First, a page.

US President George W Bush has lifted a ban on oil and gas drilling in an Alaskan Bay known for its wildlife.
The US argues the area would help its energy security
Before any drilling, there will be scope for studies and public comment said the Interior Department, which stressed the need for energy security.
Home to endangered whales, the Bristol Bay is thought to contain some 200 million barrels of oil.
The news comes as a trans-Alaska pipeline was shut down after some 500 gallons of crude oil were spilled.
The spill came from a section above ground in the Brooks Range in northern Alaska, due to a faulty weld, and it remains unknown how long the shutdown will last.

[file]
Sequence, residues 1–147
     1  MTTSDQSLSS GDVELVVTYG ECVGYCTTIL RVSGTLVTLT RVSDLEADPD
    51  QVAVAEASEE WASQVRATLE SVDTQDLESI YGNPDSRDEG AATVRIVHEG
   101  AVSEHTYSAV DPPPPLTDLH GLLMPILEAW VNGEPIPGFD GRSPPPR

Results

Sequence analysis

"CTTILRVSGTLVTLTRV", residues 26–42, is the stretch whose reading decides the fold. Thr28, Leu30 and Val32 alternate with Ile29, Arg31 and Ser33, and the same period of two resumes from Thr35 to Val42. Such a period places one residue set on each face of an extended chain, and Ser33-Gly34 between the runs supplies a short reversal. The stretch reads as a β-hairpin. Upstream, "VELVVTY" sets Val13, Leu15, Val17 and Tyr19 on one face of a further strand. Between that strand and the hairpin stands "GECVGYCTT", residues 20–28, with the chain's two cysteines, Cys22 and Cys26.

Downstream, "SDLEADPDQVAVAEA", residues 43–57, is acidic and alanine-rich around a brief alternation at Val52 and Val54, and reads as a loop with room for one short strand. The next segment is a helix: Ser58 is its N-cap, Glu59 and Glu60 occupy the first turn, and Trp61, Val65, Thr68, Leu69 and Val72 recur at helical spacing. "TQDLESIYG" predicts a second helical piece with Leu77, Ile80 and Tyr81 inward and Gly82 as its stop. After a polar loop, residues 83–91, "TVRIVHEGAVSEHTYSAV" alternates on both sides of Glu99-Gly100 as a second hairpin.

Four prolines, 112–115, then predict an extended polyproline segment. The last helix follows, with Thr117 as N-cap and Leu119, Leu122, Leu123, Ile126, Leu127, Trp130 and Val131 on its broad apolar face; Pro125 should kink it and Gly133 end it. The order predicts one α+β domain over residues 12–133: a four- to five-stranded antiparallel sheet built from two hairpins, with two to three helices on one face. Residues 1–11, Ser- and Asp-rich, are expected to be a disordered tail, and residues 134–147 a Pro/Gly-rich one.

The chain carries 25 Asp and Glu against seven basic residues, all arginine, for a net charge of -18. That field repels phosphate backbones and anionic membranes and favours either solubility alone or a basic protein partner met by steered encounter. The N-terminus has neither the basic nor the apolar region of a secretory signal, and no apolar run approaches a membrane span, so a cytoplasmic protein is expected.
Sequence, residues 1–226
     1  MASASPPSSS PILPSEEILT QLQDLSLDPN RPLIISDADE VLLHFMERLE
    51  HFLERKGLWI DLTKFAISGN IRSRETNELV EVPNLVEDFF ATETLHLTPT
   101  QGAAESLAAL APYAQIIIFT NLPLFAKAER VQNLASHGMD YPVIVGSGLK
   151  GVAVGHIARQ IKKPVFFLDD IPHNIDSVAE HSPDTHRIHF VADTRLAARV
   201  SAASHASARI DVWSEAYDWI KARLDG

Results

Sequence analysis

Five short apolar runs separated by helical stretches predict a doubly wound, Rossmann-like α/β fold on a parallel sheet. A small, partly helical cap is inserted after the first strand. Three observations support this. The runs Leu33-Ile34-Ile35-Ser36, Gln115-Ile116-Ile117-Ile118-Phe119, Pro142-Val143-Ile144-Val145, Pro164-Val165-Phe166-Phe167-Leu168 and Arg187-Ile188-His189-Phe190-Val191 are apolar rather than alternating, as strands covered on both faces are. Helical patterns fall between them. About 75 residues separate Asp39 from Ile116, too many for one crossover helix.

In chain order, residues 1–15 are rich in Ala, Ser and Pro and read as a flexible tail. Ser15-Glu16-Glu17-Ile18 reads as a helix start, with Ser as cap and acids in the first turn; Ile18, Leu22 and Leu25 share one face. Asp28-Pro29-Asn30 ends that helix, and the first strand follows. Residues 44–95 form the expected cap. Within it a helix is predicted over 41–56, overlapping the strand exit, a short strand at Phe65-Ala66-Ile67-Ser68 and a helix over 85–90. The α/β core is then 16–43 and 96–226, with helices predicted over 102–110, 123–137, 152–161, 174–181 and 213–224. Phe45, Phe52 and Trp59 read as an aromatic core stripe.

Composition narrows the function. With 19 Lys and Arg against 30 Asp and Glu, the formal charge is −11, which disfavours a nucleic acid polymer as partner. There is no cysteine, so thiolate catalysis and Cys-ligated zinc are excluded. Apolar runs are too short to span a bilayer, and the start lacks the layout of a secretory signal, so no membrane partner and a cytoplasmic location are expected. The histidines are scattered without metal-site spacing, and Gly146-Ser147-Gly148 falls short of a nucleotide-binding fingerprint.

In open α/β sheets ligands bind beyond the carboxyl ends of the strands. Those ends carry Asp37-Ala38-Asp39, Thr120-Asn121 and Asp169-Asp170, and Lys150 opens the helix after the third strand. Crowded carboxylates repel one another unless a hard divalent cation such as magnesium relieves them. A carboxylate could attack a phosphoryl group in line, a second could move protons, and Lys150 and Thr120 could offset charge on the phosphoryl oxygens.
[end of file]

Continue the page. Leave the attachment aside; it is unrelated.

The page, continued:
By lifting the ban in the Bristol Bay, some 5.6 million acres (2.3 million hectares) of land will be open for assessment by the Interior Department.
As well as oil, the bay is said to house some 5 trillion cubic feet of natural gas under, somewhere between three and twenty miles from shore.
Moves in the past to drill the area have been met with anger from environmentalists as well as the local fishing community, for whom the bay has a significant interest.
"The president has opened the door for us," said Stanley Mack, mayor of the Aleutians East Borough.
"We're going to walk through it very cautiously," he added.
The important role of fishing - including salmon and red king crab - led Congress to prevent the area from being drilled following a huge oil spill by the Exxon Valdez tanker in 1989.
Exxon is not the only firm to have spilled oil in Alaska.
BP had to close part of its Prudhoe Bay field in Alaska in March 2006 after 200,000 gallons leaked from corroded pipes, prompting severe criticism for the firm's poor maintenance standards.